Code 404 for an ex

Exchanges over the Inter­net are encrypt­ed. If you call up a page and it exists, your brows­er will first receive a 200 code. If the address no longer exists, you will get a 404. Oth­er codes ensure the well-being of your nav­i­ga­tion. C., an ex, died on August 19th of lung can­cer. 404.

I don’t know what the codes are in med­i­cine or in math­e­mat­ics and sta­tis­tics. C.’s death is no sur­prise, hav­ing his code, con­sid­er­ing he had smoked a lot, and not just nicotine.

Noth­ing, how­ev­er, no code to talk about his com­pli­cat­ed life. I met him in 1984 or 1985. He was a the­ol­o­gy stu­dent, long curly eyes, beau­ti­ful blue eyes, his body smelled like patchouli.

He had caught a glimpse of me in the pavil­ion that brought togeth­er reli­gious and philo­soph­i­cal sci­ences. It was the first kiss in an emp­ty class­room. Then began a slow descent into my per­son­al hell. Per­haps the word is strong ; I would say it was a slow decon­struc­tion mixed with a dif­fi­cul­ty in find­ing my place in the pro­fes­sion­al world, also an emo­tion­al earthquake.

As attrac­tive as he was, C. was also a fas­ci­nat­ing being in many ways. A father of two young boys, one suf­fer­ing from what would lat­er be diag­nosed as Tourette’s Syn­drome, the oth­er boy was a car­bon copy of his moth­er. She had been away for a few years.

For me, it was a time of finan­cial hard­ship, but one that was rich in emo­tions and under­stand­ing. C., I can give him that, made me dis­cov­er the mis­ery of souls, the suf­fer­ing, the par­al­lel real­i­ties. This peri­od remained engraved in me as to what my sen­si­tiv­i­ty need­ed to go beyond the agreed promises.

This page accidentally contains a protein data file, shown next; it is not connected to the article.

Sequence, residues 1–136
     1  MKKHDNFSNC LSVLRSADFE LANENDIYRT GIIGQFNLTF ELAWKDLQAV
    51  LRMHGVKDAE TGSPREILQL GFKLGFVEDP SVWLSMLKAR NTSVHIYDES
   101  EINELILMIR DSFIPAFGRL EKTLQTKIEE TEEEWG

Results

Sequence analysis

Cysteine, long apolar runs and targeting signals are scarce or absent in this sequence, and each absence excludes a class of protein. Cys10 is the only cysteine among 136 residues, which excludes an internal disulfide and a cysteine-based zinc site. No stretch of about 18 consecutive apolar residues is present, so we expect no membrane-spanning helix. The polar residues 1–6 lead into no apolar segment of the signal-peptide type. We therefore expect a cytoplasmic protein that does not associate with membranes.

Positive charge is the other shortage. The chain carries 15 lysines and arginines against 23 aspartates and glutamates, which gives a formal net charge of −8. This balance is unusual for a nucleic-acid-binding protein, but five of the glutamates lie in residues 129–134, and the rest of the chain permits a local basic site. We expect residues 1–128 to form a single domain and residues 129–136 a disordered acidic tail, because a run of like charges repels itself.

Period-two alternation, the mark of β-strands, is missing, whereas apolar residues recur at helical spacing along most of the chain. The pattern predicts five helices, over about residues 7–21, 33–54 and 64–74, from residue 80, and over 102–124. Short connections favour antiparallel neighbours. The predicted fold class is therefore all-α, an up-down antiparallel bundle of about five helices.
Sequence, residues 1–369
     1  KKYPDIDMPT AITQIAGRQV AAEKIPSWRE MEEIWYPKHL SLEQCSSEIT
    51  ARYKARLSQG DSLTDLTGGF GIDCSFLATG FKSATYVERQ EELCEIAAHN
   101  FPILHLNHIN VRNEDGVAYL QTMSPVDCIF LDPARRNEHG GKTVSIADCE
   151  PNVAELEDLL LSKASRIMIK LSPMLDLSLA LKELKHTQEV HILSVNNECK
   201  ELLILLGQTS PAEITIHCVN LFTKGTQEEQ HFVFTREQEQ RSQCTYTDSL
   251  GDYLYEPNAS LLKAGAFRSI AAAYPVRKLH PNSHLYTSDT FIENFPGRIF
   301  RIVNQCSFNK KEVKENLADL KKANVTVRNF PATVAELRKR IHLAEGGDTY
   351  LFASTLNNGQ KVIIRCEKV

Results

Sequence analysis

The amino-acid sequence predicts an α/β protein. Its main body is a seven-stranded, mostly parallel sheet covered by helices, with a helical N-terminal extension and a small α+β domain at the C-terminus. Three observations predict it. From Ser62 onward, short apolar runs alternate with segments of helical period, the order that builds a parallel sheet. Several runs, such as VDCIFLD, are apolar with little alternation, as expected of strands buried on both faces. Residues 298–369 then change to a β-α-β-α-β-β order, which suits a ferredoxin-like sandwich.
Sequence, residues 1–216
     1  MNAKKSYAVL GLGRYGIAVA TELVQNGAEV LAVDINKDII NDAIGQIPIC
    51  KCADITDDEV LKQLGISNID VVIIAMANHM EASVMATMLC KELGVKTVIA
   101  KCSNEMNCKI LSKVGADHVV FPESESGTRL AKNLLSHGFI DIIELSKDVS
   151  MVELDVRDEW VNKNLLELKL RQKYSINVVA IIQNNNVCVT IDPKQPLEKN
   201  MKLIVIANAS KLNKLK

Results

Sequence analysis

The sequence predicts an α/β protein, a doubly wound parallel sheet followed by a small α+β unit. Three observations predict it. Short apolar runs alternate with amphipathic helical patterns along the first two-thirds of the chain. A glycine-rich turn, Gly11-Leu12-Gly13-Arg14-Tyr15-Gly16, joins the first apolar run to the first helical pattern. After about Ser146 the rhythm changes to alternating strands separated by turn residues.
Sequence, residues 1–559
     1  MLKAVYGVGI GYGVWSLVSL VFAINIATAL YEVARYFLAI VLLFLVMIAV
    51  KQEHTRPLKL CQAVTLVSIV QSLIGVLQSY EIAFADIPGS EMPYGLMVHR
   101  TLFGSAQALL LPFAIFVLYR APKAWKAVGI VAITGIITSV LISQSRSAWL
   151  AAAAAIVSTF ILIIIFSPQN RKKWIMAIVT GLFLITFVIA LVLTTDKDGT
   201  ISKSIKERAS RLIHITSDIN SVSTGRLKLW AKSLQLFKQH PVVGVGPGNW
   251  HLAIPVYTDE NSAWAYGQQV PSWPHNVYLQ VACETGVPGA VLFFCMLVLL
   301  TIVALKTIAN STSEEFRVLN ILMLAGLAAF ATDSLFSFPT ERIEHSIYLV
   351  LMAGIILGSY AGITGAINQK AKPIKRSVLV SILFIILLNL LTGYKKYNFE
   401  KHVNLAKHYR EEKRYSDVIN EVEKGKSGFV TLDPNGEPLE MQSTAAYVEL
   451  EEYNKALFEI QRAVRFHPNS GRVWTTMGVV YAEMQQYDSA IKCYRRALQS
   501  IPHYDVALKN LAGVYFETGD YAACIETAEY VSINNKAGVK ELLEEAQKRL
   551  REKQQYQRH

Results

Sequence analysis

But C. also pos­sessed impor­tant demons. Com­ing from a tox­ic fam­i­ly, his rela­tion­ships invari­ably turned sour. He was adopt­ed and reject­ed by his par­ents because he was too unruly. That’s to say, at the time, par­ents had three choic­es before accept­ing a child for adop­tion. C. was num­ber 3. The par­ents could not return it. At least that’s what C. liked to tell me. Was this true ? I don’t know.

He had stud­ied the­ol­o­gy and then coun­sel­ing. He had spe­cial­ized in lost caus­es, includ­ing peo­ple with ter­mi­nal can­cer, because he want­ed to find a way of redemp­tion with them, prob­a­bly. He also want­ed to try to help them through the mag­ic of psy­chol­o­gy. I was able to expe­ri­ence this learn­ing with him and this con­fronta­tion with death.

I pass the years. Our paths have grad­u­al­ly moved apart after many jolts, decep­tions on his part, lies, and mag­i­cal promis­es. He found his past, his so-called nat­ur­al moth­er, an Amerindi­an who sur­vived through pros­ti­tu­tion and who had uncon­scious­ly called her off­spring to dis­cov­er it. This is no joke, prob­a­bly mag­ic. All her aban­doned chil­dren found her before she died. That was that too, C.

He end­ed up being accept­ed as a half-breed by gov­ern­ments, even chang­ing his name. Shaman, he was when I knew him, shaman, he became a shaman on a reser­va­tion or something.